While inflation has come down substantially since last summer, it is still too high, and by some measures progress has been slowing, Federal Reserve Governor Philip Jefferson said today during an insurance conference in Washington, D.C. Jefferson—who was recently nominated for Fed vice chairman by President Biden—noted that price increases in food and energy have fallen substantially in recent months. However, core inflation was 4.6% in March, with inflation in housing and nonhousing services showing few signs of decline.
The Federal Open Market Committee will meet again in June to consider the possibility of again raising the federal funds rate. Jefferson said members will receive a “considerable amount” of economic data between now and then to guide their decision. “On the one hand, inflation is too high, and we have not yet made sufficient progress on reducing it,” he said. “On the other hand, GDP has slowed considerably this year, and even though the effect has been muted in the labor market so far, demand clearly has begun to feel the effects of interest rates that are five percentage points higher than they were a little over a year ago. History shows that monetary policy works with long and variable lags, and that a year is not a long enough period for demand to feel the full effect of higher interest rates.”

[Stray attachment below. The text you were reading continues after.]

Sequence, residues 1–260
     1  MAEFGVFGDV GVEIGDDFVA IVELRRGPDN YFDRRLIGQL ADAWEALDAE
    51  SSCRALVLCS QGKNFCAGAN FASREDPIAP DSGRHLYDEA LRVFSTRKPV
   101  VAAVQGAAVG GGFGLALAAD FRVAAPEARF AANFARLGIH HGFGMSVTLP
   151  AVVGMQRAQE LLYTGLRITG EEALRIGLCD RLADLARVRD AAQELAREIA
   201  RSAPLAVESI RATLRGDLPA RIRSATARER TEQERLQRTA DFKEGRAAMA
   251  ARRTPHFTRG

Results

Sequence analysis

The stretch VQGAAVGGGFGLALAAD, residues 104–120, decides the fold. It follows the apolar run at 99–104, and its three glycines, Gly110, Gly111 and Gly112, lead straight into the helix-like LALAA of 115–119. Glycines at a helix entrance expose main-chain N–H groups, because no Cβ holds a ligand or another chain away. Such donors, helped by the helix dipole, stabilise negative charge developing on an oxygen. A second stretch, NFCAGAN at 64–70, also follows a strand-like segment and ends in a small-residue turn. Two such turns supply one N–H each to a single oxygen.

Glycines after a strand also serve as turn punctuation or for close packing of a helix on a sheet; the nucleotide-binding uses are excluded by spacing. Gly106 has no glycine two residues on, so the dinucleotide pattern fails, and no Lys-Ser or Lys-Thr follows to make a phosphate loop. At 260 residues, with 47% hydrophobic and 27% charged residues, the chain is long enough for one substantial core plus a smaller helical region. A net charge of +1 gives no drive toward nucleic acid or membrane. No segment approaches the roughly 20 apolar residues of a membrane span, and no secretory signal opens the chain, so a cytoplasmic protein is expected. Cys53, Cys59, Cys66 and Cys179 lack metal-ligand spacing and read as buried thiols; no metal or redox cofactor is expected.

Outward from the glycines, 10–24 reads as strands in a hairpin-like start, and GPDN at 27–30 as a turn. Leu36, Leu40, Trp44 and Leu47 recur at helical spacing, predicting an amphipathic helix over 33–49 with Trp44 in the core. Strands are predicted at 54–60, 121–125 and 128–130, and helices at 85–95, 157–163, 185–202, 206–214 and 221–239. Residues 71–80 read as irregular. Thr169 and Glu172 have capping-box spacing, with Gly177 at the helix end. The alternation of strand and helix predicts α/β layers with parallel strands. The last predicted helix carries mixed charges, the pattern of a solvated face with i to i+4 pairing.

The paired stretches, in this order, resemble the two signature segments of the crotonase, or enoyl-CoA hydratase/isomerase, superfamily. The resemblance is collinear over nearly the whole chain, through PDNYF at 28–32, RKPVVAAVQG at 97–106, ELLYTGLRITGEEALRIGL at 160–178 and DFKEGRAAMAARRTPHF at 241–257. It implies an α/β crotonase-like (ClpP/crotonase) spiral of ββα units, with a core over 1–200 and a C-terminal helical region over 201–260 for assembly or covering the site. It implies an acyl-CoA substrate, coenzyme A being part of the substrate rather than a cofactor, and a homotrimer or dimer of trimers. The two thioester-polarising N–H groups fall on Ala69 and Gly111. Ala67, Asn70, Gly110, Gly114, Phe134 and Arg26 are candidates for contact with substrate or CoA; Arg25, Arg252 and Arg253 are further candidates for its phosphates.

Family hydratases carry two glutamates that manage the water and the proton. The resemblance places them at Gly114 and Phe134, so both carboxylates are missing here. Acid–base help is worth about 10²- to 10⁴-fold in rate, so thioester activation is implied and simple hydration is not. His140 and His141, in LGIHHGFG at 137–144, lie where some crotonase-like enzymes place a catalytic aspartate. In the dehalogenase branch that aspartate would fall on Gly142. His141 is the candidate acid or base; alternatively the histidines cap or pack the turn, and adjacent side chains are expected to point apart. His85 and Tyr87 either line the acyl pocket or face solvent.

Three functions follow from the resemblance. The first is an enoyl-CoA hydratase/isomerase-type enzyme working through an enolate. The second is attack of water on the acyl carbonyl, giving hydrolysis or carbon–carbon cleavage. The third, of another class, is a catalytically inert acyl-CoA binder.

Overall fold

Jefferson also stressed that despite recent bank failures, the U.S. banking sector remains sound and resilient. Still, he said it is reasonable to expect some banks to tighten their credit standards. “The evidence is that so far there has been only a modest incremental tightening of lending conditions, which had already tightened considerably over the past year since the Federal Reserve began raising interest rates,” he said.